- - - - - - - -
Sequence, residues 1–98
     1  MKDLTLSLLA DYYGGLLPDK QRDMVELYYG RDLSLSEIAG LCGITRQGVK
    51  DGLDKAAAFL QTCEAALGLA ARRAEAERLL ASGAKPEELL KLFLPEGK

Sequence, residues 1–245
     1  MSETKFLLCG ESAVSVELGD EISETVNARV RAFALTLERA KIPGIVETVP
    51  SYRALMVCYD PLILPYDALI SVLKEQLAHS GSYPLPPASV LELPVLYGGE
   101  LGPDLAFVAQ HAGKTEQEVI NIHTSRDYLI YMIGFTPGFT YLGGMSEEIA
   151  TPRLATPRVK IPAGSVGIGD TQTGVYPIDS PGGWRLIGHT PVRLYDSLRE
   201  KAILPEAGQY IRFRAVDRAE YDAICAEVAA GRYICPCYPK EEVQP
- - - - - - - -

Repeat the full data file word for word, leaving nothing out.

Sequence, residues 1–98
     1  MKDLTLSLLA DYYGGLLPDK QRDMVELYYG RDLSLSEIAG LCGITRQGVK
    51  DGLDKAAAFL QTCEAALGLA ARRAEAERLL ASGAKPEELL KLFLPEGK

Sequence, residues 1–245
     1  MSETKFLLCG ESAVSVELGD EISETVNARV RAFALTLERA KIPGIVETVP
    51  SYRALMVCYD PLILPYDALI SVLKEQLAHS GSYPLPPASV LELPVLYGGE
   101  LGPDLAFVAQ HAGKTEQEVI NIHTSRDYLI YMIGFTPGFT YLGGMSEEIA
   151  TPRLATPRVK IPAGSVGIGD TQTGVYPIDS PGGWRLIGHT PVRLYDSLRE
   201  KAILPEAGQY IRFRAVDRAE YDAICAEVAA GRYICPCYPK EEVQP